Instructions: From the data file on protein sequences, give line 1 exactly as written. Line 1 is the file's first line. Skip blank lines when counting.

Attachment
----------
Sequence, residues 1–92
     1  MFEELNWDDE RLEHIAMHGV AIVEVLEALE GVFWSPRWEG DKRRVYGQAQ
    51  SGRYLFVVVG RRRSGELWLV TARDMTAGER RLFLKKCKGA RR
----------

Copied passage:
Sequence, residues 1–92